How To Stop A Puppy From Peeing In The House
These 8 Tips Will Help You Stop Your Dog From Peeing in the House.
You’ve likely dealt with accidents inside as a dog owner. These tips will show you how to keep your sanity while stopping your dog from peeing in the house.
If you have a dog, you know how aggravating it is to walk into a room and find a puddle of urine or a large spot on the carpet. Even though this is a natural and common occurrence in dogs, dealing with it is still unpleasant.
Nicole Ellis, a certified professional dog trainer (CPDT-KA) and a Rover pet lifestyle expert, shares her tips for how to stop a dog from peeing in the house so you can spend more time playing and less time cleaning.
Begin observing your dog’s behavior.
Take notes on your dog’s behavior and when they eat, sleep, drink water, and potty. “This allows you to keep track of how long they’re holding it for and helps you both get into a successful routine,” Ellis says. It may be as simple as adjusting your dog’s potty schedule to fit their daily routine to get them to pee outside.
Positive reinforcement should be used.
When your dog goes potty outside, make sure to praise them right away. Give your dog treats, belly rubs, or play with them. These dog training tools encourage them to go outside by positively reinforcing the concept.
Make sure they get a reward right away, so they understand it’s for peeing outside, not for coming through the door or any other behavior. You can gradually wean them off the treats as they learn. Make it a big deal when they do go outside until then.
Keep your dog with you in the room.
Keep your dog close to you until he or she is completely potty-trained. This allows you to see the accident as it occurs and rush them outside to finish it quickly. You should immediately reward them after they finish their business outside, so they associate going outside with a positive experience.
When you’re not at home, confine your dog.
Accidents are more likely when dogs are left alone. If you’re not at home, a dog crate, pen, or small bedroom can help keep accidents at bay. Because dogs are less likely to pee where they sleep or play, confining them to a small area can reduce the temptation.
You can also put them in an area where they’re allowed to go, like a dog run or a crate with a pee pad inside.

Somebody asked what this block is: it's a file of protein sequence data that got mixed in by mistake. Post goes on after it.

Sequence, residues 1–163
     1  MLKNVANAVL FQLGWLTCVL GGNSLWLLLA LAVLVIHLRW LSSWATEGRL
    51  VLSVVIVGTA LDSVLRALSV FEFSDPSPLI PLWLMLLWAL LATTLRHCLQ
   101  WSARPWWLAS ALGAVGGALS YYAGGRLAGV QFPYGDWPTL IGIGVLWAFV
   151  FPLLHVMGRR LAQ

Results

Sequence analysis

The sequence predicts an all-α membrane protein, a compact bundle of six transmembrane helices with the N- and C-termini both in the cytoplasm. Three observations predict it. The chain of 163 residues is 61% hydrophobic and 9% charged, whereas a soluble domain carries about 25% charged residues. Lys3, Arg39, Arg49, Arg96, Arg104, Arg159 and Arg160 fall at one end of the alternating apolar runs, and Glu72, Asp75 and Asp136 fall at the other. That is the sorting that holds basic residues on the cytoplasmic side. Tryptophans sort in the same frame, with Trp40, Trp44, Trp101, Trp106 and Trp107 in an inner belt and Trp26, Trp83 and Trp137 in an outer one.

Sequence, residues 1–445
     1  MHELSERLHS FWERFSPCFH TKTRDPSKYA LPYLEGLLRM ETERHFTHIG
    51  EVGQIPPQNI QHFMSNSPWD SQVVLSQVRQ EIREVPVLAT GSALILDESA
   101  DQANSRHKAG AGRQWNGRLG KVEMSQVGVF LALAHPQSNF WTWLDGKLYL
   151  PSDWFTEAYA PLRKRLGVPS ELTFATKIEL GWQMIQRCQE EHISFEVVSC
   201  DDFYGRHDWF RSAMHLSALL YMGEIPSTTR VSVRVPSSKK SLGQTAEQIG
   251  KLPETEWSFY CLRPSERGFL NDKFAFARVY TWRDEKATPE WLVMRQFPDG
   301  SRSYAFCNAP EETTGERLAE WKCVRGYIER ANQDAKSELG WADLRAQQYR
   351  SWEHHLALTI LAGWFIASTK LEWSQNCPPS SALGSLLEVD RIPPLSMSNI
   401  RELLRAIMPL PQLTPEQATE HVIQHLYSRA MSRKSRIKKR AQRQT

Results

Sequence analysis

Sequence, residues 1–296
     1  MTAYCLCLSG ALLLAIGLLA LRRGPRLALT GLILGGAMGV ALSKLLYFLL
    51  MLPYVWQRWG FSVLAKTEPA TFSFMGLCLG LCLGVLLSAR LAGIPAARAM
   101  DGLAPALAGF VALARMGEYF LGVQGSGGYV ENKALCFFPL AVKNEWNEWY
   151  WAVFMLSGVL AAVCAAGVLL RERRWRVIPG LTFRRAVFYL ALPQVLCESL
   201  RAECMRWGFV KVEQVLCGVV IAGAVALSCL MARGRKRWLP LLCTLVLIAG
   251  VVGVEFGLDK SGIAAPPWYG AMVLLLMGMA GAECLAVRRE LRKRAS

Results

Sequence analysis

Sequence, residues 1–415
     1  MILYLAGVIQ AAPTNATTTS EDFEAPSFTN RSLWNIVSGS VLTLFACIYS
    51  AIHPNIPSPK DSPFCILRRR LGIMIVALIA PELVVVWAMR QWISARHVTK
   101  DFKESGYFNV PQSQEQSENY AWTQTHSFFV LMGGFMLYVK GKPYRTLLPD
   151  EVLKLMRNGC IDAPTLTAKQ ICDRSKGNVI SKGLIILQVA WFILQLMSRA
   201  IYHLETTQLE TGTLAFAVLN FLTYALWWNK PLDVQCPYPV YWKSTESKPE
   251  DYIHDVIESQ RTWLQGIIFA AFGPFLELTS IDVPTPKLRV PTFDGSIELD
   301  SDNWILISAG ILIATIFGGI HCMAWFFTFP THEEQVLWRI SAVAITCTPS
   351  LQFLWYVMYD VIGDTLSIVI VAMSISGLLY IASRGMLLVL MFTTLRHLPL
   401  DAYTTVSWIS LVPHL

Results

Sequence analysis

A puppy should be treated differently than a senior dog.
According to Ellis, accidents are more likely in puppies and older dogs, but for different reasons. Puppies must be taught the difference between going potty inside and outside. You’ll have to show the puppy where he or she can go outside and provide frequent bathroom breaks.
Senior dogs’ bladders may simply be unable to hold their urine for as long as they once could. In either case, you must continue to use rewards. When it comes to adjusting your dog outdoors, timing is crucial.
Determine whether or not anxiety is the real problem.
Because they are nervous, anxious, or overly excited, some dogs pee in the house. This occurs to puppies as well as older dogs. Loud voices and noises, strangers, sirens, and other “scary” situations may cause your dog to react. If this occurs, figure out what’s causing the fear or excitement.
You can help your dog by gradually introducing them to other people or situations where this could occur, or by limiting these fearful interactions as much as possible. A thunder jacket can help some dogs feel less anxious.
Spaying or neutering your dog is a good idea.
It’s common for male dogs who haven’t been neutered to “mark” an object in the home. Though marking behavior can be triggered by a variety of factors, including moving to a new home, getting a new dog, or even getting new furniture, it’s most commonly caused by a dog that hasn’t been spayed or neutered, experiencing the effects of hormones and anxiety.
The desire for the dog to lift their leg and mark inside is lessened after spaying or neutering.
To rule out a medical condition, do the following:
According to Ellis, your veterinarian can determine whether the problem is due to age, behavior, or a medical condition such as a urinary tract infection. Any unexpected accidents, increased urination frequency, or whimpering while urinating are all red flags.
When your dog pees in the house, never do these three things.
- Disregard the issue. Proper training or medical attention should assist in determining the root of the problem. Most dogs, according to Ellis, can be potty-trained.
- Leave any pee on the ground. If you don’t use an enzyme cleaner every time your dog has an accident, they’ll be drawn to that spot and will most likely pee there again. To remove all traces of urine, thoroughly clean the area.
- Yell or scold your dog. Use caution when using fear as a motivator; it can backfire spectacularly. Rather than raising your voice, rush your dog outside to finish his or her business.